All About Inflation

By: Lizzie Letsou

What is inflation? Why are prices rising because of it? Why is it even happening in the first place? If you want to know all about inflation and how you can cope with it, keep reading! Trust me, and I’ve got you covered. 

So…what even is inflation?

Okay, this can be a little tricky if you’re not an econ major — but just bear with me!

I’m first going to give you the simplest possible definition of inflation: inflation is a rise in price levels. So, when inflation is high, so are prices. 

But that’s not all there is to it. Strictly speaking, inflation is the measure of the rate at which prices of goods and services are rising in an economy. If the prices of those goods and services rise (because of production costs, raw materials, wages, etc), then inflation can (and often does) occur. 

Additionally, if there is an increase in the demand for goods, then inflation can occur because consumers are simply willing to pay more. 

The good, the bad, the inflated

You might be thinking: is inflation good for the economy? This is a bit of a tricky question and the answer really depends on who you ask. 

Inflation often benefits companies that want to charge more for their products. Moreover, many view inflation as a positive phenomenon when it helps boost consumer demand and consumption (this can also spur economic growth). 

On the other hand, many view inflation as a negative phenomenon because it erodes the value of cash. Furthermore, it limits the amount consumers can purchase with currency. And, of course, inflation can lead to higher prices for basic necessities (food, healthcare, clothing). 

Inflation also tends to exert a domino effect on the economy, meaning that once initial inflation occurs, it’s likely only going to continue to rise, which is concerning for both businesses and consumers. 

How is inflation controlled?

Basically, inflation is both a good and bad thing. Rising prices can help bolster the economy but can also take a toll on the average consumer’s wallet. 

Thankfully, most central banks of developing countries monitor inflation. For example, the Federal Reserve in the US sets an inflation target of about 2% — this ensures that prices don’t rise too much or too quickly. 

Unfortunately, over the course of the past year, inflation rose to a mighty 5%, which is extremely unusual in the US.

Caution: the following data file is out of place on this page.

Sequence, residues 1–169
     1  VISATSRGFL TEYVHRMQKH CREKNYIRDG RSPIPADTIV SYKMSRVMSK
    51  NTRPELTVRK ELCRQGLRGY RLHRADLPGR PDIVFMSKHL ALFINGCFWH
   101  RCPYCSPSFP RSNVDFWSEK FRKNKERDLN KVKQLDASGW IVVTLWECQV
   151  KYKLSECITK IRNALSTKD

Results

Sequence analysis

Why now?

But why did this happen now? And should you be worried?

Firstly, it’s important to keep in mind that this rise in inflation has a lot to do with the pandemic. (I know, I’ll refrain from using the p-word going forward!) 

According to the Labor Department, inflation rose 5% from May 2020 to May 2021, marking the biggest jump since 2008 (the Great Recession). The reason for the spike is simple: the whole country was on lockdown last year, meaning that airlines and hotels were shut down, employees were laid off, and prices were down. 

Now the economy is finally opening back up (yay!). And people are traveling again, leading to a 10% increase in hotel prices, and a 24% increase in airfare. 

(Want tips for saving on travel? Check out this article.)

While rising prices doesn’t sound like a good thing, I promise you it’s not that bad either. In fact, many economists believe that these price hikes will be short-lived and, eventually, the economy will adjust completely. In other words, the situation appears to be under control, especially since the inflation spike is mostly due to the reopening of parts of the economy that were closed down during the pandemic. 

However, if the situation continues to get worse, the Federal Reserve will raise interest rates in order to prevent further inflation. We are currently in an unprecedented situation, where the demand for many goods and services (which were unavailable for an extended period of time) is increasing again at a rapid speed. 

Cutting corners